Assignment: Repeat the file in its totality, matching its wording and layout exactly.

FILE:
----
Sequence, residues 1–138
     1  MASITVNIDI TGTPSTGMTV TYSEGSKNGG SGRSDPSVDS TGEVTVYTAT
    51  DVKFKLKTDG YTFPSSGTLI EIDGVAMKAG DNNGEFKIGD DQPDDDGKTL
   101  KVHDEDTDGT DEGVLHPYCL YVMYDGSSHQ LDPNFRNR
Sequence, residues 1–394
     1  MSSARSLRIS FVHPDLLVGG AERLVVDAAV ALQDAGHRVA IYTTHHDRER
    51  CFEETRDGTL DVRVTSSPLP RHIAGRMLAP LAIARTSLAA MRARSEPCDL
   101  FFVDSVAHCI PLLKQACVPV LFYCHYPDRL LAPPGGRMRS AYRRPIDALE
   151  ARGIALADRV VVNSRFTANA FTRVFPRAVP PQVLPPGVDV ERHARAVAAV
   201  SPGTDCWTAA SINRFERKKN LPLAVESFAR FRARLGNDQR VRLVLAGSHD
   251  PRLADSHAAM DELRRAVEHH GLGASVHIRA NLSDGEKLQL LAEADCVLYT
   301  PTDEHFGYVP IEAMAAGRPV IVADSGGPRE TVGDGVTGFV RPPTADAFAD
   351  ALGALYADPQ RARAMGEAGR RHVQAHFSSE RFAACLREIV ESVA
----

Sequence, residues 1–138
     1  MASITVNIDI TGTPSTGMTV TYSEGSKNGG SGRSDPSVDS TGEVTVYTAT
    51  DVKFKLKTDG YTFPSSGTLI EIDGVAMKAG DNNGEFKIGD DQPDDDGKTL
   101  KVHDEDTDGT DEGVLHPYCL YVMYDGSSHQ LDPNFRNR
Sequence, residues 1–394
     1  MSSARSLRIS FVHPDLLVGG AERLVVDAAV ALQDAGHRVA IYTTHHDRER
    51  CFEETRDGTL DVRVTSSPLP RHIAGRMLAP LAIARTSLAA MRARSEPCDL
   101  FFVDSVAHCI PLLKQACVPV LFYCHYPDRL LAPPGGRMRS AYRRPIDALE
   151  ARGIALADRV VVNSRFTANA FTRVFPRAVP PQVLPPGVDV ERHARAVAAV
   201  SPGTDCWTAA SINRFERKKN LPLAVESFAR FRARLGNDQR VRLVLAGSHD
   251  PRLADSHAAM DELRRAVEHH GLGASVHIRA NLSDGEKLQL LAEADCVLYT
   301  PTDEHFGYVP IEAMAAGRPV IVADSGGPRE TVGDGVTGFV RPPTADAFAD
   351  ALGALYADPQ RARAMGEAGR RHVQAHFSSE RFAACLREIV ESVA